Robert Norwood, The Modernists (New York: George H. Doran, 1918): 138-42. Internet Archive
2Breath as of vapour crimsoning to flame;
3Far constellations moving in the same
4Invariable order and the pace
5That times the sun, or earth's elliptic race
6Among the planets: Life--dumb, blind and lame--
7Creeping from form to form, until her shame
8Blends with the beauty of a human face!
9Death can not claim what Life so hardly won
10Out of her ancient warfare with the Void--
11O Man! whose day is only now begun,
12Go forth with her and do what she hath done;
13Till thy last enemy--Death--be destroyed,
14And earth outshine the splendour of the sun.
16Dry of the sap; yet how I love the picture!
17Is heaven less blue because the stellar dust
18Veils night eternal from all human eyes?
19Life is, though forms pass: well, I will regard
20One moment filled with wonder of the world,
21Forever worth the passing, when this jar
22Crumbles! ... Why do you nod in protest, friend?
23I am serene and patient, grateful, glad--
24Asking no more of life than what it gives:
25Eyes quick to see the march out of the mist,
26And into mist once more; ears that are tuned
27To music of the many strings of joy
28And sorrow; tongue so wistful of the word
29Telling the truth; obedient hands and feet;
30And over all, the mind with wings that soar!
31I trust, ask nothing, watch meanwhile, and wait;
32Whatever is for me to win, no one
33Can take: if there be not some afterword,
34Some music and a flower from the feast,
35A going up the hall with Him, my Host,
36In conversation as of comrades--well,
37Enough that I was called to sup with Him,
38Drank from His cup and pledged the world with wine!
39My fundamentals are misunderstood--
40Is the fault mine? 'Tis not a ready pen
42Of melody were never mine; I saw
43More than I had the skill to tell, confused
44The music. This my meaning: Chaos bears
45To that eternal Energy called God,
46A child whose name is Form, swaddled with clouds,
48Of thunder, telling of vast, molten seas
49Which clamour, till the child becomes a star--
50This planet--swinging through the zodiac
51Among his brethren who come, crying: Hail,
52Child of our mother Chaos! From the sea
53Huge shapes appear, plunging to rocky shores
54Forbidding them the land, till tail and fin
55By aspiration change to foot and wing.
56Hoarse trumpetings of anger or of pain;
57Red ooze of blood on bracken; now tell the tale:
58Struggle of Form with Form--experiment
59Of Nature working blindly but in faith
60To one end: Mind! Love dominates the chords;
61There is a song upon the star-lit hills:
62GLORY TO GOD! ON EARTH, PEACE AND GOOD WILL!
63Brave are your words of war; and yet I think
64Survival of the worst, not best, is in
65Those passioned hymns of praise: war's work was done,
66Through struggle of the fittest brute, when Form
67Was found for Mind. You say that always war
68Genders the noblest? calls a god from clay?
69That work was done before the glacial glare
70Rivalled the redness of yon setting sun!
71You are at odds with Nature, who destroy
72Man's body. Is there not some higher test
73Of greatness in the patience of that faith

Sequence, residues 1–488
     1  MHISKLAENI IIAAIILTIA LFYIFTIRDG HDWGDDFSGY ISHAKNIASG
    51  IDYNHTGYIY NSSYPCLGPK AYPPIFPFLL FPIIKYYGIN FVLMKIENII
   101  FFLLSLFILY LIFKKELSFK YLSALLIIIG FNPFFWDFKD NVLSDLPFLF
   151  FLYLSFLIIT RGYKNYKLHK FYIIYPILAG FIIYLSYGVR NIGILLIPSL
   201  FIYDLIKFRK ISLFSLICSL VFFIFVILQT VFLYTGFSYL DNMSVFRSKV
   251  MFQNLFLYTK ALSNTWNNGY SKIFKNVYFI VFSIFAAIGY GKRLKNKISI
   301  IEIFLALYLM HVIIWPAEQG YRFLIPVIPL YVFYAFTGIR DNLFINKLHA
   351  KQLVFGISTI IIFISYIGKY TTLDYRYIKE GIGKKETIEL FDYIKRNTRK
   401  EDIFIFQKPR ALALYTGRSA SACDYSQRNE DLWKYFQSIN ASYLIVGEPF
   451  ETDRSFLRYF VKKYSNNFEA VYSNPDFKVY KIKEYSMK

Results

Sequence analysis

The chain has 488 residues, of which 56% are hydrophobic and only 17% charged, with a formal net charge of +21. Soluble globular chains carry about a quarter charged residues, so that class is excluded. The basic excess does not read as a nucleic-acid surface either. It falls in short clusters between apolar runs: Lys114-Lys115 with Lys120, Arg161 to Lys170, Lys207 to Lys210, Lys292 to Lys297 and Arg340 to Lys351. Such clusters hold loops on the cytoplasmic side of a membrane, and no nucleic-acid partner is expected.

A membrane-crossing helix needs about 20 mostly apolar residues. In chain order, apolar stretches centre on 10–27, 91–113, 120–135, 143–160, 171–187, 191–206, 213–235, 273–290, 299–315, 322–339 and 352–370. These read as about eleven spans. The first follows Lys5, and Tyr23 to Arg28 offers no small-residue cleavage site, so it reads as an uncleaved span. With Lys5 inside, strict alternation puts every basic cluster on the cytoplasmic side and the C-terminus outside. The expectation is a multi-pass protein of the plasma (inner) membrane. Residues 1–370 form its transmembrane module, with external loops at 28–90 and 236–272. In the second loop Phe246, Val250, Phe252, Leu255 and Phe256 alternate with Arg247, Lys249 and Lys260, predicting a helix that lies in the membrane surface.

74Which dares adventure on forgotten roads,
75Or hidden trails unfound by human feet,
76To find God cradled where the cattle are?
77Must we who sought and found, go lonely back
78Without Love's offering of gold and myrrh--
79Back to the place we knew before the star
80Came softly from the silences of night?
81How worth the painful journeying, to cry:
82I have seen God upon His mother's breast!
84Hath said within his heart, there is no God!
85God may hide in the mass; may look on life
86Through eyes that slowly opened, until man
87Gazed in the artist and the seer, and said:
88How beautiful! how good! but I hold not
89With those who cry: Behold God in the Book!
90If there be God, He must be always One;
91Must not be hid by this, revealed in that;
92Must be unchanging, like unchanging law
93Which keeps the constellations in their place,
94Holds atom unto atom. Bud and blade,
95Frond, leaf and petal are obedient
96Each to its character; and, like the suns,
97Depart not from the course, by law ordained,
98Up the ascent of life. God is in Nature--
99There only may we find Him. Did she fail
100To make Him known to man, then would man be
101Apart from her and alien to the earth.
102God has not ceased to walk down garden paths.
103He has not grown a-weary of the rose.
104He is not deaf to lifted song of leaves,
105What time the artist comes for tinting them
106Out of his ample shards of autumn-tones.
107God is the lover of all open wings,
108Of all who glorify the world with song.
109There are no moments of the infinite;
110All things come to their growth by Nature's law--
111A star, a planet, species or the soul;
112Therefore, I wait, make no assertions, stand
113Humble before the mystery of life and death--
114The pillars of that portico whose doors
115Are shut; though from the steps I may look down
116To trace the winding path up which I toiled,
117And view my halting places: There I slept,
118Dreaming a while; there I rose with a laugh,
119Made strong by what I dreamed, and took the road.
120How many mile-stones we have passed, my friend,
121In our long journey to the double-door!
122Will that door open, Alfred? shall we see,
123One day, the Good Host standing in the hall
124With waiting hands and lips of love that smile?
1] Charles Robert Darwin (1809-82), the discoverer of natural selection in evolution. Back to Line
15] Alfred: Alfred Russel Wallace (1823-1913), early evolutionary thinker whose work on natural selection predated Darwin's. Back to Line
83] Psalm 14.1: "The fool hath said in his heart, There is no God. They are corrupt, they have done abominable works, there is none that doeth good." Back to Line
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